“I’m really looking forward to 2014,” he said. “It’s a year of change, for sure, not only for RCR but our sport. I’m really excited about the changes coming down the pike in our sport, and I’m really looking forward to working with Austin and Ryan this year.

“I’m just excited to get down to Daytona and kick the year off. I’m looking forward to getting back into the race car and kicking off 2014 on the right foot.”

Menard already has a Brickyard 400 win. Could a Daytona 500 win in less than two weeks be next?

Follow me @JerryBonkowski

Saavedra returns to SPM, again, for upcoming races

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Following the mutual parting of ways between Mikhail Aleshin and Schmidt Peterson Motorsports for the rest of the 2017 Verizon IndyCar Series season, Sebastian Saavedra will once again be back in the team’s No. 7 Honda for the next two oval races at Pocono Raceway and Gateway Motorsports Park.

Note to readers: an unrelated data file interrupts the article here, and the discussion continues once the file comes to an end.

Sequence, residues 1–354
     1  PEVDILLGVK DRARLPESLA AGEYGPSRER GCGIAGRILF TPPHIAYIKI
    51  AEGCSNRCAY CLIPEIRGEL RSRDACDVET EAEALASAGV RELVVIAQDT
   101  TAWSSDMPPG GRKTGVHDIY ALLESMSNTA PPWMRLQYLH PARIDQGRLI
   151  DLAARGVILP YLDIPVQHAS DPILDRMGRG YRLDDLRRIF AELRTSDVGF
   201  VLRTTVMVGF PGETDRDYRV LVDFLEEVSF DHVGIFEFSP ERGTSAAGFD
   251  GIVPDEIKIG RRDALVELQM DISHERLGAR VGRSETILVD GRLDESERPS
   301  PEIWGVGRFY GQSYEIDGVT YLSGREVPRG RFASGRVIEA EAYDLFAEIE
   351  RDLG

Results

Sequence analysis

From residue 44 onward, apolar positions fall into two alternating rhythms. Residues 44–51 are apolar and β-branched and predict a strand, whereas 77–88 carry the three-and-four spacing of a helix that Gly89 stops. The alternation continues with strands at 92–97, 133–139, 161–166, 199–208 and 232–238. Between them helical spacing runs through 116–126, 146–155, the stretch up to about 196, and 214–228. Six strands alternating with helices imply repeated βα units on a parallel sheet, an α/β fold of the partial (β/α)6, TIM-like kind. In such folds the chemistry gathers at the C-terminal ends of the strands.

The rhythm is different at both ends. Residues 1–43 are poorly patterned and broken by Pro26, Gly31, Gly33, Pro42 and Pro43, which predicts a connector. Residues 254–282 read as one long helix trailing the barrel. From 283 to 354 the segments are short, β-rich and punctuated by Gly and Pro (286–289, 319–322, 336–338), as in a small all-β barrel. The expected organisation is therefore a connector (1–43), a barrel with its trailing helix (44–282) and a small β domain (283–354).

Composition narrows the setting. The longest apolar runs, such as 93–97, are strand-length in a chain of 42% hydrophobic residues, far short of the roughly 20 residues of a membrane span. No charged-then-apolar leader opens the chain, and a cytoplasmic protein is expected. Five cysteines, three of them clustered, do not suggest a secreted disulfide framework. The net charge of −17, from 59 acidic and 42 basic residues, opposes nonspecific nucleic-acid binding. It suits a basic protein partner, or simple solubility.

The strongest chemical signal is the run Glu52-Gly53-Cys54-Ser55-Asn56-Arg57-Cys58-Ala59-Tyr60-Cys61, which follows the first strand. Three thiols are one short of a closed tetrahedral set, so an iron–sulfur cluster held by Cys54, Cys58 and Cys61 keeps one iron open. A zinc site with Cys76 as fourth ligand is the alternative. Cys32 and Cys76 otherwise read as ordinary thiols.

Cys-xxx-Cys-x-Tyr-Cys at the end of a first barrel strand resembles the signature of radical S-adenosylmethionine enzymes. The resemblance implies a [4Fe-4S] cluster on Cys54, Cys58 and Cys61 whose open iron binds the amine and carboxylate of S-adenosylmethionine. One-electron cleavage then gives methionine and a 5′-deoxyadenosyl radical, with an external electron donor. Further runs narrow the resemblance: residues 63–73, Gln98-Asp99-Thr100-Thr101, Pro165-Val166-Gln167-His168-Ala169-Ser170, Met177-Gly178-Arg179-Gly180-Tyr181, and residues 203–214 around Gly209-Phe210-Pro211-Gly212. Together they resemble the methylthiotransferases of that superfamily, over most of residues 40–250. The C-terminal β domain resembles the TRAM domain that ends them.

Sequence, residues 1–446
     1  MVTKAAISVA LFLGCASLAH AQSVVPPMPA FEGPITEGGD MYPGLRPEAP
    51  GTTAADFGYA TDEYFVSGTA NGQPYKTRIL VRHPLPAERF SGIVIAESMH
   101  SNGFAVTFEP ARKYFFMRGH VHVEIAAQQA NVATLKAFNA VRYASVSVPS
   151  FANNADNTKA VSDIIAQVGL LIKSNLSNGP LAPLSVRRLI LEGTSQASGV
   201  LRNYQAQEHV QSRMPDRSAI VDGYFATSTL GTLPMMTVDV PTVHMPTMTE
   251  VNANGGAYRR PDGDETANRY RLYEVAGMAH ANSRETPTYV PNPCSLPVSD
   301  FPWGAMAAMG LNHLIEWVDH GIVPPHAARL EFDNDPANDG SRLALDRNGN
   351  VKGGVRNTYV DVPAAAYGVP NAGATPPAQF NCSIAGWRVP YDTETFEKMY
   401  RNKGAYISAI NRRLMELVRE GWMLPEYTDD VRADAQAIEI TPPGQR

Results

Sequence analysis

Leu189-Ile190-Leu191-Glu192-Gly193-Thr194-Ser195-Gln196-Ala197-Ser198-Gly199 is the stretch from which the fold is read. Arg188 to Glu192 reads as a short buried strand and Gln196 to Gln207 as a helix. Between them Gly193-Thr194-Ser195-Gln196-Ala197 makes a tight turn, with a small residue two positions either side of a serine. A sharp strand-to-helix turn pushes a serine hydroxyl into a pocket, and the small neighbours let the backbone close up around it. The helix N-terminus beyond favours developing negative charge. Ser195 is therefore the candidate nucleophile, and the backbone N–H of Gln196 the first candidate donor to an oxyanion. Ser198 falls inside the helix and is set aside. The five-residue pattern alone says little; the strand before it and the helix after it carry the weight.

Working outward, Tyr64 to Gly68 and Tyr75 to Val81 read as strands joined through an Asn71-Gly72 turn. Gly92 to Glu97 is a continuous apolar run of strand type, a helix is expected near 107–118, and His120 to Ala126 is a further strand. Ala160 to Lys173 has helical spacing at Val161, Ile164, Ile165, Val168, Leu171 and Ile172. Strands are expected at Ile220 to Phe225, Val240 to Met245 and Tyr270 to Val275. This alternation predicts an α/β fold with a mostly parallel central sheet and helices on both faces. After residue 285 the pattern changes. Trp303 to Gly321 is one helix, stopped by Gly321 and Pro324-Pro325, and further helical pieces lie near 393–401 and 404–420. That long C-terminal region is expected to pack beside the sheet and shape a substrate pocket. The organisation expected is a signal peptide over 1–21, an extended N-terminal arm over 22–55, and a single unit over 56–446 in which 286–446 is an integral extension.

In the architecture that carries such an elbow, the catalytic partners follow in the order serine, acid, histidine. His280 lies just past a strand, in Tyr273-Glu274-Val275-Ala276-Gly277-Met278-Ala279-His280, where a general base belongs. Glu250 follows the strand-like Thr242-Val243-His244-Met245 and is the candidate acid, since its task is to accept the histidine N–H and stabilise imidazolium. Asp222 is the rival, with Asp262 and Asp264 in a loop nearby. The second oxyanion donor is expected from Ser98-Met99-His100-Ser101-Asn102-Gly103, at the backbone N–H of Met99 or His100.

The Colombian impressed in a surprise one-off appearance in the No. 7 Lucas Oil SPM Honda at Toronto, as Aleshin was sat down for one race. Saavedra ran as high as seventh and finished 11th after improving from 20th on the grid.

“I am very excited to be back with the SPM organization,” Saavedra said in a release. “It’s another late call to jump in, but I take it with pride after a promising start of our relationship in Toronto. Looking forward to a challenging event as the Tricky Triangle can be, and support (James) Hinchcliffe in his pursuit of championship points. I’m thankful to my sponsors and my continued relationship with AFS Inc.”

“Delighted to have Sebastian back with the SPM team following what was a very encouraging performance at the Toronto event,” added Piers Phillips, General Manager of SPM. “He is experienced and competent, and I have no doubt he will contribute to the overall performance of the team. We’re heading to Pocono full of confidence as a team and we’re looking forward to hopefully seeing Sebastian and James at the front of the pack.”